words Alexa Wang
No matter how much you see it, watching musicians mastering their instruments never ceases to be amazing. Not only do they create wonderful tunes that entertain and delight us, but they also play them to perfection. If you’ve ever been to a rock concert, you’ve probably marveled at the guitar player shredding or the drummer blasting the cymbals and the snare drums.
Yet, despite our fascination, there is one important musician that most people overlook –– the bass player. Without bass, none of your favorite songs would sound the same. It adds a very important layer of depth and complexity that makes a song truly stand out.
It is also very fun to learn, but to do that, you need a good bass guitar. Here’s how you can pick one.
Why do you need it?
Before you consider getting a bass guitar, you need to know what you want to do with it. Are you just getting it for fun, so you could play a few of your favorite riffs? Or are you serious about this and you want to be in a band one day? Perhaps you’re already proficient with the instrument and you want a better guitar. In any case, you need to find the answer to those questions so you could settle on a bass guitar. Beginners will need an affordable, albeit not very high quality, one. Professionals, on the other hand, need to invest in a bass guitar with rich tones and excellent hardware.
After setting your sights on why you need the bass guitar, you need to immediately set a budget. There are plenty of affordable ones out there, but there are also ones that cost thousands of dollars. As you can see at MerelyMusic.com, there are several great bass guitars under $1000, which is a very reasonable investment for one –– even if you’re a beginner. It shouldn’t be a surprise to find a Yamaha on that list, and the Yamaha BB734A is proof of the renowned company’s ability to deliver great-sounding bass guitars at an affordable price, without compromising the instrument’s quality. The Fender Player Precision Electric Bass is another worthy contender under $1000, with its excellent build and high-quality materials.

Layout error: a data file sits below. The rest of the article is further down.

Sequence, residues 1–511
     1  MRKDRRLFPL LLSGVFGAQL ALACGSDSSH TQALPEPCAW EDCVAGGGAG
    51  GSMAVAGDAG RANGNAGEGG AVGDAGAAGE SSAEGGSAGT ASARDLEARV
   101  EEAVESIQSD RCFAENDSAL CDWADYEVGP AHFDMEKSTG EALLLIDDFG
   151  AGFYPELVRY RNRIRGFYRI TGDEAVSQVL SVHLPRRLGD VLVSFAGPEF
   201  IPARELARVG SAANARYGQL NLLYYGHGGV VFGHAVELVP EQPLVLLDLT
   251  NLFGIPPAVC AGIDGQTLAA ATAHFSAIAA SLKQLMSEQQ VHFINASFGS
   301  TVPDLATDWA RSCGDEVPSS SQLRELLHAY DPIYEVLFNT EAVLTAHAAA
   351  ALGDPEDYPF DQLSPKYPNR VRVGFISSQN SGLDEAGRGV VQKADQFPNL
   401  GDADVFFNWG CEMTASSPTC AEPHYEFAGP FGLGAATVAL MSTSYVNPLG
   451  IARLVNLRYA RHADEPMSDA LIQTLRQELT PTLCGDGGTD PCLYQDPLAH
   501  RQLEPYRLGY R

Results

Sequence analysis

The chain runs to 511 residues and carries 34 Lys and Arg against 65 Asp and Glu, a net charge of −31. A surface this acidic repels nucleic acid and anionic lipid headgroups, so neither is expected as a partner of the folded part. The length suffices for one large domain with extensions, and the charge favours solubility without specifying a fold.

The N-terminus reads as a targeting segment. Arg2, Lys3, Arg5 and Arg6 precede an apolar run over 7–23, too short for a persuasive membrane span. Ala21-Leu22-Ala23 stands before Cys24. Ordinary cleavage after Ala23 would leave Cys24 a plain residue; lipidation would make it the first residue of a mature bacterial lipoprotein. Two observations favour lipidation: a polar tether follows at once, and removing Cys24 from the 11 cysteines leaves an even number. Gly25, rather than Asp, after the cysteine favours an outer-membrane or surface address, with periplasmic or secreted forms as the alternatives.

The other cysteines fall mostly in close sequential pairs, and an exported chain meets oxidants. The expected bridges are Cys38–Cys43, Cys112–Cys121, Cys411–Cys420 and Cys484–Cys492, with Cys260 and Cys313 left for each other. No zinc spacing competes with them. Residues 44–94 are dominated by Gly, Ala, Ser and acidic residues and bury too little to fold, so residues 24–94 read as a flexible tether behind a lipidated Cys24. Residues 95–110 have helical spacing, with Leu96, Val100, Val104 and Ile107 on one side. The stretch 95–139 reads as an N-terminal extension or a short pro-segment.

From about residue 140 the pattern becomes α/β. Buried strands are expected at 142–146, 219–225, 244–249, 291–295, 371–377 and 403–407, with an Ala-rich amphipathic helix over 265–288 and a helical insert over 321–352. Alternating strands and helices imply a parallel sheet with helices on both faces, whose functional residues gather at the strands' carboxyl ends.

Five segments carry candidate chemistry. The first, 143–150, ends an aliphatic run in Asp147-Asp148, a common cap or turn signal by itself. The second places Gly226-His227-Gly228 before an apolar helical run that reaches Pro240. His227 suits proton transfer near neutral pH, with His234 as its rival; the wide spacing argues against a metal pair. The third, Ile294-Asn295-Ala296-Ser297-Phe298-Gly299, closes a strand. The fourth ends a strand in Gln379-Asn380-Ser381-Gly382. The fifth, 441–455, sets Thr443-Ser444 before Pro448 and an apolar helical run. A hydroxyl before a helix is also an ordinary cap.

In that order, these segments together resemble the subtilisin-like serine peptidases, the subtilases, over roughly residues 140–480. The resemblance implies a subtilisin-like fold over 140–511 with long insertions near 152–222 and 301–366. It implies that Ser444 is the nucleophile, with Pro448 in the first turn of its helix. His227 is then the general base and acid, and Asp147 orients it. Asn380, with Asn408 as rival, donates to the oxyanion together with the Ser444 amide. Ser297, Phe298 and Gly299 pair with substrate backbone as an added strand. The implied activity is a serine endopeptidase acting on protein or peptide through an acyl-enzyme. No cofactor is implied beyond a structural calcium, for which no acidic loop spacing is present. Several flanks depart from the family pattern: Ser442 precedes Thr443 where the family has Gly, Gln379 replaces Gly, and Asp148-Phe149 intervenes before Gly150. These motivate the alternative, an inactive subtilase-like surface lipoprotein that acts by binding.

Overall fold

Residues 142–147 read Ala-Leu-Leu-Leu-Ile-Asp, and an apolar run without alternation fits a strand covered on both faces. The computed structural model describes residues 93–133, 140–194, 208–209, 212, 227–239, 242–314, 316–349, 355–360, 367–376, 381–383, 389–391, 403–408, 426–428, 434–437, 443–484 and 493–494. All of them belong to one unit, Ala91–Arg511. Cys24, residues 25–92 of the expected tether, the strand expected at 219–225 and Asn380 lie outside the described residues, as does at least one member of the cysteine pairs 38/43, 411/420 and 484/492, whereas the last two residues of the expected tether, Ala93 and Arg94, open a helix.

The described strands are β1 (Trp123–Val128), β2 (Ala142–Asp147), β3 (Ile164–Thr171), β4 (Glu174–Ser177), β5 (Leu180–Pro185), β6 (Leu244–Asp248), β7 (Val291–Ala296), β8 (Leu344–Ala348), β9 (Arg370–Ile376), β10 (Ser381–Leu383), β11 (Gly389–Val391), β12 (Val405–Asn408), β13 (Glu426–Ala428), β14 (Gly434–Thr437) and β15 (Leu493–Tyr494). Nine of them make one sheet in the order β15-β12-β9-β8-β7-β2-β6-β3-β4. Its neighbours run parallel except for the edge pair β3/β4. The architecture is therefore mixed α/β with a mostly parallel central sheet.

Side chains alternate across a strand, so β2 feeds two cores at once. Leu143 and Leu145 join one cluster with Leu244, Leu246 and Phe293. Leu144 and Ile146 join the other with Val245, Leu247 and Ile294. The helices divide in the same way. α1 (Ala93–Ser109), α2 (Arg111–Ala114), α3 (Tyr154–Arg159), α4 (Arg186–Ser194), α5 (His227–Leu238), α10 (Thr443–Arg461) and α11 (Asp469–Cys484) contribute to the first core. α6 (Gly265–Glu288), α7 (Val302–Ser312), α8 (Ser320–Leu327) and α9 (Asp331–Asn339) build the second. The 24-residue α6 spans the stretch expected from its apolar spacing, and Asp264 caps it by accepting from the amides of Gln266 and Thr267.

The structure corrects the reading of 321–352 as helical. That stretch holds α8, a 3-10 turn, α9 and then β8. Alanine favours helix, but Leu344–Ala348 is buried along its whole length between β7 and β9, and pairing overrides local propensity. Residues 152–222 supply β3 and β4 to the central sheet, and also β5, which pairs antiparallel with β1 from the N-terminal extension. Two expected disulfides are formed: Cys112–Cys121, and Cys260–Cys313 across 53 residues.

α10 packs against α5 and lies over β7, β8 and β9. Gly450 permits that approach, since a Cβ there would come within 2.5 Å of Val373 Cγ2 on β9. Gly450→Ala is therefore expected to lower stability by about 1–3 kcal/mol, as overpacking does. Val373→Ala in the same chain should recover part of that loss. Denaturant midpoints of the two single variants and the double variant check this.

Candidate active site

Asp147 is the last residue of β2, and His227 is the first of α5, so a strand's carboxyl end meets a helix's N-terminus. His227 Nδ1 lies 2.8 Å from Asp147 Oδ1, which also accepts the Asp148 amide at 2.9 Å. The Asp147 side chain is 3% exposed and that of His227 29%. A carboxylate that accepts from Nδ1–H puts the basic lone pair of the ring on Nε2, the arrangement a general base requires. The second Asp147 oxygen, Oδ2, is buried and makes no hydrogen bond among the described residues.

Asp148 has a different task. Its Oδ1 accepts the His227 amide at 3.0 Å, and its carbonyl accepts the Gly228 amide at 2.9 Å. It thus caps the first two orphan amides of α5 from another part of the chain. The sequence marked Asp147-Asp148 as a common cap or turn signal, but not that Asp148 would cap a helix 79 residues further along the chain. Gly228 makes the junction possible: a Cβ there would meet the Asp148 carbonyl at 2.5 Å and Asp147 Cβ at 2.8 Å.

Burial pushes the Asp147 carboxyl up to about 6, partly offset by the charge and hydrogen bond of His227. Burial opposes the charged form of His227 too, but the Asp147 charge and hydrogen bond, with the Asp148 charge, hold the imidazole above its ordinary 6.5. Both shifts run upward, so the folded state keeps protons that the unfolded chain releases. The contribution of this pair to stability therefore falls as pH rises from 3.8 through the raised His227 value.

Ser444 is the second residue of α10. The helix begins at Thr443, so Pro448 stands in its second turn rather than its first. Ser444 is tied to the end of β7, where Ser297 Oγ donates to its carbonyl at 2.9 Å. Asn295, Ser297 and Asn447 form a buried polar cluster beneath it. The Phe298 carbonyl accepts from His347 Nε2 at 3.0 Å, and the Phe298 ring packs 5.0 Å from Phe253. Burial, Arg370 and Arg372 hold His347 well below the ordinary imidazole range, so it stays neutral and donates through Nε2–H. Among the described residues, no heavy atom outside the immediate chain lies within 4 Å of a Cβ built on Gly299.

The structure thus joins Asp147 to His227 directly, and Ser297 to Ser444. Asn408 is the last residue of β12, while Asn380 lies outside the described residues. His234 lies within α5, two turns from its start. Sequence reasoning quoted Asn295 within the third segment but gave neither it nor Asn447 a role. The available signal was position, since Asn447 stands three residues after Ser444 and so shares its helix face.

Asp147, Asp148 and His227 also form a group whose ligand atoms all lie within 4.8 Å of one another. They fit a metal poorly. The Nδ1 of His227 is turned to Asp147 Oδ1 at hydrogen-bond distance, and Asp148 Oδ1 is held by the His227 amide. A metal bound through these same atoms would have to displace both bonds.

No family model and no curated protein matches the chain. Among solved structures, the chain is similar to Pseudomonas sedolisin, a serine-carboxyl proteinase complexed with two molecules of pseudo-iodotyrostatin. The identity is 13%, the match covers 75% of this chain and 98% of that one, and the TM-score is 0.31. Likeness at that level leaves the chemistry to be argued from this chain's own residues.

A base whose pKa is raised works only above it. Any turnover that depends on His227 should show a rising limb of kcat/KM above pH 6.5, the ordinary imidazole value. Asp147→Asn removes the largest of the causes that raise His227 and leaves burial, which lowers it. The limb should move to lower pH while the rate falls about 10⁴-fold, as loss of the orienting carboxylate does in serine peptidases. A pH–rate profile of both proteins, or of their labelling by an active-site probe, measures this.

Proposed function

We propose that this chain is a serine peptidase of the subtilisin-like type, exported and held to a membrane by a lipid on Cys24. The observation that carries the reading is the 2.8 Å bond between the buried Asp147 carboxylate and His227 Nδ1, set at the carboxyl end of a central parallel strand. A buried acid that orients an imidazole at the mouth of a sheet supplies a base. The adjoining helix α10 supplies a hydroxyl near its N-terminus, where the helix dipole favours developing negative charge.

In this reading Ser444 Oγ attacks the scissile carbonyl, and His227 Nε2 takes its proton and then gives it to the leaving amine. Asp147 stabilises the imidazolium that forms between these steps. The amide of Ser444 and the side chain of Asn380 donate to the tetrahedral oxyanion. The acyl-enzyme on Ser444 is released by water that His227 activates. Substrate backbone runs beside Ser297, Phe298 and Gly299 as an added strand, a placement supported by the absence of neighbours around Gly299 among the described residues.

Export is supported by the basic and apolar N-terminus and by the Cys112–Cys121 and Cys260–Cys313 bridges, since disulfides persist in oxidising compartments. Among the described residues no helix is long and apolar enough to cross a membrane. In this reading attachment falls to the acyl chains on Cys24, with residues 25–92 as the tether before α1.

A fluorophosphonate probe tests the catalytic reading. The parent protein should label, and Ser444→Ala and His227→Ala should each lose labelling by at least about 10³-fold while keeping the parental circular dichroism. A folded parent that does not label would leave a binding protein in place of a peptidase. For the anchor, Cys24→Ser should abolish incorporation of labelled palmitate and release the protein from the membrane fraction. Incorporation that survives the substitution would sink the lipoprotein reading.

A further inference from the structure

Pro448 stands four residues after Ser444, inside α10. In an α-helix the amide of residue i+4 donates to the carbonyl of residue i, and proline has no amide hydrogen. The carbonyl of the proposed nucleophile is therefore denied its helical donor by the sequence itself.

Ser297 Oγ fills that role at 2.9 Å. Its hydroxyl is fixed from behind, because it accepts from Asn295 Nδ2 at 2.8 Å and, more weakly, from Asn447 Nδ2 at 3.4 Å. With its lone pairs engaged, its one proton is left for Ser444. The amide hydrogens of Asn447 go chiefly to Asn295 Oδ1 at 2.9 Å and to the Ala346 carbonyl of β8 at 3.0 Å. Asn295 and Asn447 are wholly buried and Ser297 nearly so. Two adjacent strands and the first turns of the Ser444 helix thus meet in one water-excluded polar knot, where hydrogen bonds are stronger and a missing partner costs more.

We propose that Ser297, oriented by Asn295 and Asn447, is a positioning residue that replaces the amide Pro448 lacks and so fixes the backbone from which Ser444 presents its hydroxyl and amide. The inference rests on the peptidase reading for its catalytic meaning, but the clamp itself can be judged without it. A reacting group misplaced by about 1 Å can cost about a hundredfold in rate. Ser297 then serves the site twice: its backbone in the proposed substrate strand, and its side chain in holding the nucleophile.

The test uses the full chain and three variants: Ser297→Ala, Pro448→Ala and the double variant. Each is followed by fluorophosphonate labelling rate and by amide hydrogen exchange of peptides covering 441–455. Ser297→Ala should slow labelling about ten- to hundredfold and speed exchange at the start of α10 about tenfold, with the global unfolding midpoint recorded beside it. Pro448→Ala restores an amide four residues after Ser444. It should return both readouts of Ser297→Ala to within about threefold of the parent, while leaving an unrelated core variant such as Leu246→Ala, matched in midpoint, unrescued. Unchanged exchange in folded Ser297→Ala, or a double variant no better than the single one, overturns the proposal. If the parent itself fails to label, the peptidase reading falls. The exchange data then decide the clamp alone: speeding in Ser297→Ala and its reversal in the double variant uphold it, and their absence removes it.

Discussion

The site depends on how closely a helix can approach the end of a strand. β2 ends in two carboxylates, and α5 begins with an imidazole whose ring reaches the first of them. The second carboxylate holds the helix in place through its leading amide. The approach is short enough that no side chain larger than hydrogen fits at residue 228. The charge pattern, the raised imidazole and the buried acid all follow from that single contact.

What type of bass are you after?
You need to also determine what kind of bass you’re after so you can get a good one suited for your needs. Contrary to popular belief, not all options are electric bass guitars. There are actually acoustic ones, which don’t require amps and sound great. There’s even an acoustic-electric bass, which can be used with an amp or without one.
One of the most important factors when it comes to choosing a good bass guitar is the materials from which the body is made. Why are they so important? The materials affect the sound that will come out of the bass, which is why they also significantly affect pricing –– the better the materials, the more expensive the guitar. A bass guitar is made out of tonewood, which varies in quality, firmness, and quality. For instance, hardwoods have a snappy sound that gives the bass guitar a percussive tone, which makes them ideal for pop or jazz. Softwoods, on the other hand, are more suited for rock and heavy metal because their mellower sound resonates more powerfully.
If you’re going for affordable options, basswood is one of the more popular and affordable types for bass guitars. Maple, on the other hand, is soft and sounds excellent, while walnut is even lighter but it doesn’t have that same sustain prowess as maple. These are just some of the many types out there. So, make sure you learn about the different woods and how each sounds before you make a purchase.
Type of Neck
You’ll also have to consider the type of bass guitar neck you want. A bolt-on neck means that the neck is bolted to the body, while a set neck means it is attached to the body with joints –– which is why it has a better resonance and sustain. In the more expensive bass guitars, you will find a thru-body neck, which means it continues through the body as one piece. There are no joints in that type, so the vibration isn’t inhibited at all, and the response and sustain are much better here.
You should consider if you want hollow or solid body bass guitars, too because each has a different sound that won’t accommodate all players. Remember to also compare bridge types and locations, because those come in different shapes and sizes, and the sound significantly varies between them. These are all details that you should consider because the slightest of variations means the bass will sound pretty different.